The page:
Oriental plover

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Oriental plover
Charadrius veredus West Timor 0.jpg
Scientific classification edit
Kingdom: Animalia
Phylum: Chordata
Class: Aves
Order: Charadriiformes
Family: Charadriidae
Genus: Charadrius
C. veredus
Binomial name
Charadrius veredus
Gould, 1848

The oriental plover (Charadrius veredus) also known as the oriental dotterel, is a medium-sized Charadriine plover closely related to the Caspian plover. It breeds in parts of Mongolia and China, migrating southwards each year to spend its non-breeding season in Indonesia, New Guinea and northern Australia.


Adult male in breeding plumage: white face, throat and fore-crown; grey-brown hind-crown, hind-neck and back; belly white, demarcated with narrow black band and then broad chestnut breast band merging into white throat. Female, juvenile and non-breeding male: generally grey-brown upperparts and white belly; pale face with white streak above eye. Measurements: length 21–25 cm; wingspan 46–53 cm; weight 95 g. Among the redbreasted Charadrius plovers, this bird is relatively large, longlegged and long-winged.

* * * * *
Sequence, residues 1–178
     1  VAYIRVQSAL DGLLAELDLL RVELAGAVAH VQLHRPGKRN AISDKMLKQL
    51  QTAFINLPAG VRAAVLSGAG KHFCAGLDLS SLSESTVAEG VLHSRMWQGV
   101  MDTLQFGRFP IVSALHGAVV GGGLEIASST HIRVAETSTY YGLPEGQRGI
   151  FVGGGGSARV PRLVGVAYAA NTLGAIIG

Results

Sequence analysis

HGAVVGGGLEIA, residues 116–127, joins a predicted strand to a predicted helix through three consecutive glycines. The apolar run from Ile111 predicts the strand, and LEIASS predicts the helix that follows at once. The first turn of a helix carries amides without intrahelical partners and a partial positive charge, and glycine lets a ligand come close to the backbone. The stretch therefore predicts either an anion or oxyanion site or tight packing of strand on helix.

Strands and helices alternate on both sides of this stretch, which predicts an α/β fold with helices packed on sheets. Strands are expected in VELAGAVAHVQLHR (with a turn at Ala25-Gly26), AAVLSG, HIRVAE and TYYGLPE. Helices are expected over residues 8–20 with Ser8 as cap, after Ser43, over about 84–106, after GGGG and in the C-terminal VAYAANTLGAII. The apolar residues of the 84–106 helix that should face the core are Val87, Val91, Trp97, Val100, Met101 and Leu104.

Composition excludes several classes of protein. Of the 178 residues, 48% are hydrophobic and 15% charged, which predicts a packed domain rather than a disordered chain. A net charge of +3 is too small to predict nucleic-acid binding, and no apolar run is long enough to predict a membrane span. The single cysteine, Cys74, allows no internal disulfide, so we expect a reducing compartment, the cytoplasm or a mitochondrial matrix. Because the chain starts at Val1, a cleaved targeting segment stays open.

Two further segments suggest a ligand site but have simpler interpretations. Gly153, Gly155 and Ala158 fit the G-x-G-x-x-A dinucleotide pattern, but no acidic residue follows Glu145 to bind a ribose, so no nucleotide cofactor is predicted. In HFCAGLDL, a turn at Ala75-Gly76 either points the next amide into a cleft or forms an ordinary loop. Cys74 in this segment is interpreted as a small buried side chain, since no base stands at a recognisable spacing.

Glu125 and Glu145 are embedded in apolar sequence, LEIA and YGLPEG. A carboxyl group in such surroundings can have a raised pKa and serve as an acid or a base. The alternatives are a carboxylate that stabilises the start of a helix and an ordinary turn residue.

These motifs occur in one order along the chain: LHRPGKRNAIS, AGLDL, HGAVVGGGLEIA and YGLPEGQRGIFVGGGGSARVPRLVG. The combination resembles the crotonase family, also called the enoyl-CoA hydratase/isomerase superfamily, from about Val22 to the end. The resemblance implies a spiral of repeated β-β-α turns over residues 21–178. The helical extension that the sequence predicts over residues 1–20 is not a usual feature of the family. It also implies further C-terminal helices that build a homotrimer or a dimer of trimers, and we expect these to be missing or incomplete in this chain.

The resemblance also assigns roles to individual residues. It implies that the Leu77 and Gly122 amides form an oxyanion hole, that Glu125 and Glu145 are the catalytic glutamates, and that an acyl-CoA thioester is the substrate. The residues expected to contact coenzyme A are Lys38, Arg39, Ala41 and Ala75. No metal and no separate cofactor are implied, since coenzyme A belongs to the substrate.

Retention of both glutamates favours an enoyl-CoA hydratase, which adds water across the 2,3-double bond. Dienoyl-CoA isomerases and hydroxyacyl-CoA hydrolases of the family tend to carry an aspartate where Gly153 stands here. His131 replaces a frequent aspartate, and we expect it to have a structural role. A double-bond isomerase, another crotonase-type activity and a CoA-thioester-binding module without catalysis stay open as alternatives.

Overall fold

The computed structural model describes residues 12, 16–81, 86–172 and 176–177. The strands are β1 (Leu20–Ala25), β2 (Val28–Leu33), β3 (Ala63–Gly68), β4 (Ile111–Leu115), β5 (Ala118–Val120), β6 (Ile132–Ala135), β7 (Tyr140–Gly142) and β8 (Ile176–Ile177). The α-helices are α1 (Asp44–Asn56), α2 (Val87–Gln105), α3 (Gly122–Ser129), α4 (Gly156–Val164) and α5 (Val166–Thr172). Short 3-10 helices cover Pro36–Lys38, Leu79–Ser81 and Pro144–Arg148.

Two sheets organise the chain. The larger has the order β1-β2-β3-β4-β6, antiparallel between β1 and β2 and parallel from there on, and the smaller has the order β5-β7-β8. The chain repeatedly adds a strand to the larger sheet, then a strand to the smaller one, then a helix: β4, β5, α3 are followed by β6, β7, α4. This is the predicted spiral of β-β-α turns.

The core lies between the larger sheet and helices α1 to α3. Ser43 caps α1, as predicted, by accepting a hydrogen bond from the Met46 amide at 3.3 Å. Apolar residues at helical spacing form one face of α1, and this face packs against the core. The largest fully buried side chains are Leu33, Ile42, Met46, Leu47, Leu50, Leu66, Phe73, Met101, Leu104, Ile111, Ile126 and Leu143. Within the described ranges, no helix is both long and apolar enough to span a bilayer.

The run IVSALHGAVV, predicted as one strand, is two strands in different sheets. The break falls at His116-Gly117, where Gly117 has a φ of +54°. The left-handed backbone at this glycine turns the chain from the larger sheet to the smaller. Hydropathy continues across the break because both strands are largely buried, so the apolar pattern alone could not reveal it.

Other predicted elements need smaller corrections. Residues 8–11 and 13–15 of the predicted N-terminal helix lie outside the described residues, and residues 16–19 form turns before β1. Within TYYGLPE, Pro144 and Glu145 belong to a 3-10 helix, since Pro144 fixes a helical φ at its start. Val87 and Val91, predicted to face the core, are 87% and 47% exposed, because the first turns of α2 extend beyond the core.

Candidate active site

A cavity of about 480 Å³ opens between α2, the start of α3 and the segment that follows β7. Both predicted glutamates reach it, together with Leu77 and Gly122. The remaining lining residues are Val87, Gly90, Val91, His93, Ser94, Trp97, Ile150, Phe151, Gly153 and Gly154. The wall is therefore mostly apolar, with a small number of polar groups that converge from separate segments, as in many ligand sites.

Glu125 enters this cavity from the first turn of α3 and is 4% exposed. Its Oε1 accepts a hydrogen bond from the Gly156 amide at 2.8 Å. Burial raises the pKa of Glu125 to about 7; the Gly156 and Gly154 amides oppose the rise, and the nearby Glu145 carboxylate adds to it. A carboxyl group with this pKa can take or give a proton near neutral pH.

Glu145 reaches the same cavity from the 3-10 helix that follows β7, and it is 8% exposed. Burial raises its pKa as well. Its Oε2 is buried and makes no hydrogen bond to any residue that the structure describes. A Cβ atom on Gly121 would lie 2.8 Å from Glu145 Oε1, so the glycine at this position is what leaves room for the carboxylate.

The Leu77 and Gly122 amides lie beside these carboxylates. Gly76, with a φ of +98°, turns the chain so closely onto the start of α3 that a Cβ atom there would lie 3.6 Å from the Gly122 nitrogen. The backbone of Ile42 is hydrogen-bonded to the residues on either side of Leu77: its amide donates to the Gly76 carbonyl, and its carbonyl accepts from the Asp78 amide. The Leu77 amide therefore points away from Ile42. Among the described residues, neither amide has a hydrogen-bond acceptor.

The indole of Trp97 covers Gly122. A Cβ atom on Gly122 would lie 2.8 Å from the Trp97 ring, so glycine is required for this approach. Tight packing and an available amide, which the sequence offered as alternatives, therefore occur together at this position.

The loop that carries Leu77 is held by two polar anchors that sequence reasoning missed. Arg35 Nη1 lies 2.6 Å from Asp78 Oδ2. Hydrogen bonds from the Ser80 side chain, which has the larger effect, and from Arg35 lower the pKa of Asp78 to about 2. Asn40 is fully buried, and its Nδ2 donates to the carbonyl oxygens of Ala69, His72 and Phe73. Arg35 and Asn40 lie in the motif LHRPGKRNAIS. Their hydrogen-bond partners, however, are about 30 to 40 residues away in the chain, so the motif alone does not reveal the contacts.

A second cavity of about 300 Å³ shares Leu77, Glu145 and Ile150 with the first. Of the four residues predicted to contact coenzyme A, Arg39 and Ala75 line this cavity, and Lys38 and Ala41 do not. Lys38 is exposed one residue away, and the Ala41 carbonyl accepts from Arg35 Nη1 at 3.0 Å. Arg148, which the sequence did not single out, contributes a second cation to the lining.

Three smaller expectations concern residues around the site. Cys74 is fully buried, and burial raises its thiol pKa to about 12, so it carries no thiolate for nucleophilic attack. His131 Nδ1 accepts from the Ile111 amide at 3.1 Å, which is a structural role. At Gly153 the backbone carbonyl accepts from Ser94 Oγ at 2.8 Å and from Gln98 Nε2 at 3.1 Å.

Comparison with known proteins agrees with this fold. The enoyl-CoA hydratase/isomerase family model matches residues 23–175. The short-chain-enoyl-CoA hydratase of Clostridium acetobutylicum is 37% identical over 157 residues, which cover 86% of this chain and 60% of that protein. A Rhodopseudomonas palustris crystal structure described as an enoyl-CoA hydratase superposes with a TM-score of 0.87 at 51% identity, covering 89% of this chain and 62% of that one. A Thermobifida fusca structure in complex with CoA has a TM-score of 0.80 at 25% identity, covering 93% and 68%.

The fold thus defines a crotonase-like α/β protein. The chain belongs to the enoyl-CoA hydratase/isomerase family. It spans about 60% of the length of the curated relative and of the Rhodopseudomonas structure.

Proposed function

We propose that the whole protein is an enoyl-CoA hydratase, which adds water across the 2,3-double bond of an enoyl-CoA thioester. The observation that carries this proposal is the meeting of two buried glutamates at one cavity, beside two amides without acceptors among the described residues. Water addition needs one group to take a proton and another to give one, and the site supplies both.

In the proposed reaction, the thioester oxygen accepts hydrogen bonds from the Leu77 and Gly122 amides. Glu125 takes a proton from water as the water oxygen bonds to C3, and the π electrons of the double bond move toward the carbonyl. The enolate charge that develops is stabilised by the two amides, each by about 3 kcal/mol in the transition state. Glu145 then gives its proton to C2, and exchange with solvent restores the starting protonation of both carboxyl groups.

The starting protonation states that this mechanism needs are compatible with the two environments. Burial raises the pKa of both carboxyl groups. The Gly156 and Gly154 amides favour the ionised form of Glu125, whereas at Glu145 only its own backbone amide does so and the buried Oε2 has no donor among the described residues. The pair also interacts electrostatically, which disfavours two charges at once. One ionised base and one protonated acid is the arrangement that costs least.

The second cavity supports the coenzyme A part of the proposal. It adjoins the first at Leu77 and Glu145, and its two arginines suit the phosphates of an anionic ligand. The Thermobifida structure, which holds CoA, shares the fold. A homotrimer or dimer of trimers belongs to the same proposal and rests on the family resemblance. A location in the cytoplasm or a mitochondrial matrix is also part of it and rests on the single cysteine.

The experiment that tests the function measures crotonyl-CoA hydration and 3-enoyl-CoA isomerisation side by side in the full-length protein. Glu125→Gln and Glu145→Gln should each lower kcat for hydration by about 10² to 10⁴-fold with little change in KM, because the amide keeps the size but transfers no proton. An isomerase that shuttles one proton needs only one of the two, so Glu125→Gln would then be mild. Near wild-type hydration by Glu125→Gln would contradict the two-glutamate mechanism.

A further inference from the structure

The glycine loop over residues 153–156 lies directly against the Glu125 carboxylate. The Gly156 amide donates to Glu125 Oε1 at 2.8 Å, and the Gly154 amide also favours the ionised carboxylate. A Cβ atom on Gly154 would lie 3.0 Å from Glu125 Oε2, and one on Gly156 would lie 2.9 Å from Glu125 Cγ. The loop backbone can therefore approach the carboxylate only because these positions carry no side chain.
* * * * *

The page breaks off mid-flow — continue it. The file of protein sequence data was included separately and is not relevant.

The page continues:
Distribution and habitat[edit]

Breeds in Mongolia, eastern Russia and Manchuria; migrates through eastern China and South-East Asia to Indonesia and northern Australia. Rare in New Guinea; straggler to New Zealand and Europe four times (Finland, Norway, Sweden and The Netherlands). The oriental plover breeds in dry steppes, deserts, arid grasslands and saltpans. Its non-breeding habitat includes grasslands, salt-fields and coastal areas.[1]


The oriental plover feeds mainly on insects.


The breeding of this bird has not been much studied but it nests on the ground.


About 90% of the oriental plovers that make the long journey south overwinter in Australia and it has been estimated that there may be 160,000 individuals of this species. With a large range and no evidence of significant population decline, this species’ conservation status is rated by the IUCN as being of Least Concern.[2]


  1. ^ a b BirdLife International (2012). "Charadrius veredus". IUCN Red List of Threatened Species. 2012. Retrieved 26 November 2013.
  2. ^ "Species factsheet: Charadrius veredus". BirdLife International. Retrieved 2013-12-16.